Section 1447(c) provides that “[a]n order remanding the case may require payment of just costs and any actual expenses, including attorney fees, incurred as a result of the removal.” 28 U.S.C. § 1447. Recognizing that improper removal “delays resolution of the case, imposes additional costs on both parties, and wastes judicial resources,” the United States Supreme Court has formulated a test for awarding fees under § 1447(c), “to reduce the attractiveness of removal as a method for delaying litigation and imposing costs on the plaintiff.” Martin v. Franklin Capital Corp., 546 U.S. 132, 140-41, 126 S.Ct. 704, 711, 163 L.Ed.2d 547 (2005). “Absent unusual circumstances, courts may award attorney's fees under § 1447(c) only where the removing party lacked an objectively reasonable basis for seeking removal. Conversely, when an objectively reasonable basis exists, fees should be denied.” Id.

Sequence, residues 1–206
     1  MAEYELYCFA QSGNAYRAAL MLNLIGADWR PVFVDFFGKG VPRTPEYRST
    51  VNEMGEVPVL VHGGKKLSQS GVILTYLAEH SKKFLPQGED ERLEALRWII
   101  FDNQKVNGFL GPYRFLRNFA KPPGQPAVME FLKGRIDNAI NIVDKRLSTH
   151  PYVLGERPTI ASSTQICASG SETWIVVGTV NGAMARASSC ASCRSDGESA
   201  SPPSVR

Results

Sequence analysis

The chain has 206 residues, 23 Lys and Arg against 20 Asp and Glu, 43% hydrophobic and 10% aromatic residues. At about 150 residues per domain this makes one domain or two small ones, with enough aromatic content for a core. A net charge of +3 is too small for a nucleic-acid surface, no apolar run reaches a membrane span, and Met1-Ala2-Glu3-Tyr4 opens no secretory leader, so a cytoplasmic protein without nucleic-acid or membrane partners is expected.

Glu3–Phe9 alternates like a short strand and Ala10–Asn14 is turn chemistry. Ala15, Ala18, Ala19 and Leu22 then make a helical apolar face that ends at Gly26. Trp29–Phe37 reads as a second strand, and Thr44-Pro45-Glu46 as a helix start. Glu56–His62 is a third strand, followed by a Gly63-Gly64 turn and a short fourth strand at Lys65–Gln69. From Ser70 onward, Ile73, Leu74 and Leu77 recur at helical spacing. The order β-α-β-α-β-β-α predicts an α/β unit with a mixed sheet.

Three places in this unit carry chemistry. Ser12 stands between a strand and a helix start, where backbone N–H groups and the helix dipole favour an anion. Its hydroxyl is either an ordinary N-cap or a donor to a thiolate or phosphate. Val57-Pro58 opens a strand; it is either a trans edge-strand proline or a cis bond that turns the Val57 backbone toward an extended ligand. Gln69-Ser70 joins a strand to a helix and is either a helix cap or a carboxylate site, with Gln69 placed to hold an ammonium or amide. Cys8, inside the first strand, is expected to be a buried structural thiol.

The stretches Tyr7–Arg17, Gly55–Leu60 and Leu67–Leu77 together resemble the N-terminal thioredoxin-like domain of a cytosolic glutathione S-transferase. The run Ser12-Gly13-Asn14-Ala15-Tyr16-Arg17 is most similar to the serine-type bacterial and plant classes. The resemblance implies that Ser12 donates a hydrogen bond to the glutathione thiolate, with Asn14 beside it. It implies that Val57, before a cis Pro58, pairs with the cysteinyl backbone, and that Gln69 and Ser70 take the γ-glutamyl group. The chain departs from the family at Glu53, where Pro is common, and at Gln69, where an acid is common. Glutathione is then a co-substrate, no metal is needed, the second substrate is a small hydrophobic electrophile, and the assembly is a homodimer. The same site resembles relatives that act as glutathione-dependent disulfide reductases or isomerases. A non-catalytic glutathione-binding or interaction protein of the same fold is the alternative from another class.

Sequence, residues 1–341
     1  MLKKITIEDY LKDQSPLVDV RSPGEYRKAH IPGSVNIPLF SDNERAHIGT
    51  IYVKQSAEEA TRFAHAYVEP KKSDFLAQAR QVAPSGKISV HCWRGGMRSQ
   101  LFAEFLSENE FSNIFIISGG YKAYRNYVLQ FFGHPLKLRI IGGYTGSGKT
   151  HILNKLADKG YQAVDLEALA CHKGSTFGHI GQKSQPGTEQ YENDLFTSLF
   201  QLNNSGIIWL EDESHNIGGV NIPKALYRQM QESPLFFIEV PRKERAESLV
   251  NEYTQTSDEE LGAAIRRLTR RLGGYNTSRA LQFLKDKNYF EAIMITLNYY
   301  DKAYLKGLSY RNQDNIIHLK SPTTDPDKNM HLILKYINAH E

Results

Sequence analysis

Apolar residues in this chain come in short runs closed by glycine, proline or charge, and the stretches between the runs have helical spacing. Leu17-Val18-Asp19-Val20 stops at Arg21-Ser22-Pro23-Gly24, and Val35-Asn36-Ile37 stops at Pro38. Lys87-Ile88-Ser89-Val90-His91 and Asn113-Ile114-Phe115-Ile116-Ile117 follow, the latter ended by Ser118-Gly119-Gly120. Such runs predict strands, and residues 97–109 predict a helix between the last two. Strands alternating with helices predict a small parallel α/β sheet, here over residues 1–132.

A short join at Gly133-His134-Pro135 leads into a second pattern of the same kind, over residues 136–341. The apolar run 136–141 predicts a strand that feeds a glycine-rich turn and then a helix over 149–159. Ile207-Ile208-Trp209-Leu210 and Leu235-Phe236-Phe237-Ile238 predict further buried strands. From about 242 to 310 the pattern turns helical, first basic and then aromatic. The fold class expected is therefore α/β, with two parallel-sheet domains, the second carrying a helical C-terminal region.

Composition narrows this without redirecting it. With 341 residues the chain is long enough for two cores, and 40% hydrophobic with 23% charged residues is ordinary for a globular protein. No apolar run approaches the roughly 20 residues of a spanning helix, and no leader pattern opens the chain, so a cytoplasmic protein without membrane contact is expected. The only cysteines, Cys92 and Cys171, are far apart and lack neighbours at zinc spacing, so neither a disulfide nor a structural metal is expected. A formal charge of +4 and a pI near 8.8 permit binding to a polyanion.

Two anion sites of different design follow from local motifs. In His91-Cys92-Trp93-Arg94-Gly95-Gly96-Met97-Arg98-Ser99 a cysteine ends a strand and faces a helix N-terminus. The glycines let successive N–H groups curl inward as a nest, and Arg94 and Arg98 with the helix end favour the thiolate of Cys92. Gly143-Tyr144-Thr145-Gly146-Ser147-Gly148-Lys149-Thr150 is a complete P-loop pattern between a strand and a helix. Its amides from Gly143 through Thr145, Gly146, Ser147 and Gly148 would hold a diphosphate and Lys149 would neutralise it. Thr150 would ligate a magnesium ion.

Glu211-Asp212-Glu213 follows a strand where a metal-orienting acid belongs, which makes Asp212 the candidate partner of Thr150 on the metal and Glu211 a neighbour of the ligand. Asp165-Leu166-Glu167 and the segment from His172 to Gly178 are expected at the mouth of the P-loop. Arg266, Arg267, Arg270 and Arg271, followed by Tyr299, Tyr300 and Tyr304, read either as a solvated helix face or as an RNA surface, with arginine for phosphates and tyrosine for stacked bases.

Martin v. Franklin Capital Corp., 546 U.S. 132, 140-41, 126 S.Ct. 704, 711, 163 L.Ed.2d 547 (2005).